Help with HIPAA: Timely Q & As

by Legal and Regulatory Affairs Staff

February 12, 2004 — The APA Practice Organization has produced a series of informational materials and continues to help practicing psychologists understand the requirements of the Health Insurance Portability and Accountability Act (HIPAA). Given the law’s complexity, the Practice Organization continues to receive numerous inquiries about HIPAA and how it applies to practitioners.

Several of the most common APA member questions and answers about HIPAA follow.

These questions pertain to specific aspects of the three HIPAA rules that affect many practicing psychologists.

The HIPAA Privacy Rule involves policies, procedures and business service agreements governing access to and use of patient information. The Transaction Rule requires standard formatting of electronic transactions for certain designated financial and administrative purposes. The Security Rule, which will not take effect until 2005, addresses the health professional’s physical infrastructure and is discussed in the final question.

Q: Am I responsible for HIPAA violations by business associates such as an outside billing service?

A: Yes, unless you are protected by having an appropriate contract with your business associates. HIPAA requires “covered entities,” including individual health professionals who have triggered HIPAA requirements, to enter into contracts with business associates with whom they share “protected health information” (PHI) as defined under HIPAA. Psychologists need to be assured through the contract that a business associate will appropriately safeguard PHI.

A business associate contract must clearly establish what is permitted and required regarding the use and disclosure of records. In effect, the psychologist needs to contractually obligate the business associate to follow all HIPAA compliance requirements that the psychologist must follow.

Q: Am I required to do anything if a business associate violates the HIPAA rules?

A: A psychologist must take action if he or she becomes aware of a pattern of activity that breaches or violates the contract - for example, when the business associate releases PHI to unauthorized parties. In such cases, a psychologist covered by HIPAA must take reasonable steps to cure the breach.

If the breach cannot be cured, the psychologist should terminate his or her contract with the business associate. A report of the breach must be made to the U.S. Department of Health and Human Services if it is not feasible to terminate the contract.

Q: What is the “minimum necessary” standard and when does it apply?

A: When protected health information (PHI) is used or disclosed, the HIPAA Privacy Rule requires psychologists to provide the minimum amount of information necessary to conduct the activity or to respond to an appropriate request for information. The “minimum necessary” standard also applies in making a request for PHI from another covered entity.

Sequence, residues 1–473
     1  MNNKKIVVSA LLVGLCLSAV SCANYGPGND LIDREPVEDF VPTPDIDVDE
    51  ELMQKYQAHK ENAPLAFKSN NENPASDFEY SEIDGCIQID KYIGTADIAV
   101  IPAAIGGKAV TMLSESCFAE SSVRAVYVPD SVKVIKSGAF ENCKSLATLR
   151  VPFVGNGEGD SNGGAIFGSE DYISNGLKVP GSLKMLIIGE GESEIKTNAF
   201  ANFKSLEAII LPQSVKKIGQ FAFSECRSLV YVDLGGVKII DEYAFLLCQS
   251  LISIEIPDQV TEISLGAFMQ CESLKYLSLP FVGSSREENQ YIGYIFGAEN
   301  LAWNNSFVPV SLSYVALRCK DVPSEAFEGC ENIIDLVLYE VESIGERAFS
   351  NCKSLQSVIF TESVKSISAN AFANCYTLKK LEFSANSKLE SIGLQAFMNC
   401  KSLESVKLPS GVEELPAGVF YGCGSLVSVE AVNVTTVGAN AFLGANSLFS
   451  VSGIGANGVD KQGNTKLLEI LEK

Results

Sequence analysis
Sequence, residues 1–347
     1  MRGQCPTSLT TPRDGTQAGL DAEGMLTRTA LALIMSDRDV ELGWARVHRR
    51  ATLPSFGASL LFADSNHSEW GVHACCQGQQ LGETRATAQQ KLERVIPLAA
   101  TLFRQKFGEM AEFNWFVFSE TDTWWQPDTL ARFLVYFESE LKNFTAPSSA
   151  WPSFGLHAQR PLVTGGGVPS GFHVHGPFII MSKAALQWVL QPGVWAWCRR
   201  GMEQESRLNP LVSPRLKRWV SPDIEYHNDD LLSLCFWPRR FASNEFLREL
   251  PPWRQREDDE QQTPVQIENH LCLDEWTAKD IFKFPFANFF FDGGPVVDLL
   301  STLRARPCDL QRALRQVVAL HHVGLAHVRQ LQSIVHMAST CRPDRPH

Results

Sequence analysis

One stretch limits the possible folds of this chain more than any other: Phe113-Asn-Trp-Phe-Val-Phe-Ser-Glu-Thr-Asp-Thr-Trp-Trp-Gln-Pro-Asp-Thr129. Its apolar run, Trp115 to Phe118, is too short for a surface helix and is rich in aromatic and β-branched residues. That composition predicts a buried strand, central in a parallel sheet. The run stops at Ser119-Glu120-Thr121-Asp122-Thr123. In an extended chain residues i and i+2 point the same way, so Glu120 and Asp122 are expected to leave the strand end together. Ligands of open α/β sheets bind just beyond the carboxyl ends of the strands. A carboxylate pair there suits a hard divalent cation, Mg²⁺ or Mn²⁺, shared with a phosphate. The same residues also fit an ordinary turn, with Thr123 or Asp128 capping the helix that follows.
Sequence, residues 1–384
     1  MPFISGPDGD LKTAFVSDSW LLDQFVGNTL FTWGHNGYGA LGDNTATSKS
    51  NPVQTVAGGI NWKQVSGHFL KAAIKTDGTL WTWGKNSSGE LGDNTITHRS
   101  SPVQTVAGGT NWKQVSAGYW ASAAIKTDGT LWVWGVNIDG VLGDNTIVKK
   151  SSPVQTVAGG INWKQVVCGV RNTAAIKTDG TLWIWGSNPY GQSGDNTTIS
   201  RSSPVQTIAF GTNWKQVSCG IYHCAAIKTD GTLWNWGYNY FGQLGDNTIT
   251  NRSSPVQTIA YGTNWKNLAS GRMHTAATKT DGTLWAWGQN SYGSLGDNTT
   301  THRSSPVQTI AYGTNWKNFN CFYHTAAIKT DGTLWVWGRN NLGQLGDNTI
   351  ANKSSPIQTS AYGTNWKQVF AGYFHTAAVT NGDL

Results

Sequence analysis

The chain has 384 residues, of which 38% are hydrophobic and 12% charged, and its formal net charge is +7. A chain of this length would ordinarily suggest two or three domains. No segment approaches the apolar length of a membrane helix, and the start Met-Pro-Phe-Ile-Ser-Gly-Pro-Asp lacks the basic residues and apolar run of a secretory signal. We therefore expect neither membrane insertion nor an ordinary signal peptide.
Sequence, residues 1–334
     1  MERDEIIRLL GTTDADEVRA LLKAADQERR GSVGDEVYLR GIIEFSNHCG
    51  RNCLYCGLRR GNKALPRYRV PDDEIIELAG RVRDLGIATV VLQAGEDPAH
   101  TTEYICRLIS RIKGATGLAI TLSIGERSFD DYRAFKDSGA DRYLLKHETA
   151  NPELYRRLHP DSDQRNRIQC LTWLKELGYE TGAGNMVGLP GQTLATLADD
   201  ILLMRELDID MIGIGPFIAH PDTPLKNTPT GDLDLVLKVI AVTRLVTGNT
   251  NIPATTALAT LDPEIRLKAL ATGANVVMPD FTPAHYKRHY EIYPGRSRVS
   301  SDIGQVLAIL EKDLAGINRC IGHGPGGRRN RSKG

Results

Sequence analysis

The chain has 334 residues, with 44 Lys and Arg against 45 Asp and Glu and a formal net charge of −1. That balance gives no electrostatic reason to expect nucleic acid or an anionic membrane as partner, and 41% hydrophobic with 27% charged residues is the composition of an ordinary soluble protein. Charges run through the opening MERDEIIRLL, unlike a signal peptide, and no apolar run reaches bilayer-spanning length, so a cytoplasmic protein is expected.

Covered entities are given the flexibility to address their unique circumstances. In answering the question of how covered entities are expected to determine the minimum necessary information to use, disclose or request, the U.S. Department of Health and Human Services’ website indicates that, “(the HIPAA Privacy Rule) requires covered entities to make their own assessment of what PHI is reasonably necessary for a particular purpose, given the characteristics of their business and workforce, and to implement policies and procedures accordingly.” (See the final question in this article for additional information about the HHS website.)

The “minimum necessary” standard does not apply to all disclosures of information. When a patient provides an authorization to release information, for example, the authorization itself should give a specific description of the information to be released.

Q: What is the HIPAA Security Rule and when does it take effect?

A: The Security Rule addresses health professionals’ and organizations’ physical infrastructure — such as access to offices, files and computers — to assure secure and private communication and maintenance of confidential patient information. The Security Rule is unique among the HIPAA rules. It applies only to “protected health information” in electronic form, whereas the Privacy rule applies to PHI in any format — electronic or otherwise.

Compliance is scheduled for April 21, 2005. Legal and regulatory affairs staff for the APA Practice Organization are evaluating the Security Rule. APA members will receive additional information in the coming months.

Q: Are there websites that I can consult for information about the HIPAA rules?

A: The U.S. Department of Health and Human Services and the Centers for Medicare and Medicaid Services websites provide detailed information about HIPAA. Both websites contain a comprehensive list of questions and answers about the Transaction and Privacy Rules and offer detailed overviews of the Privacy Rule.

Visit the HHS site. This web page includes a link to “Your Frequently Asked Questions on Privacy” and other educational materials. On the CMS site, click on the link, “HIPAA Administrative Simplification.”

APApractice.org offers a variety of information and tools to aid practitioners with HIPAA compliance. Visit the HIPAA Compliance Center.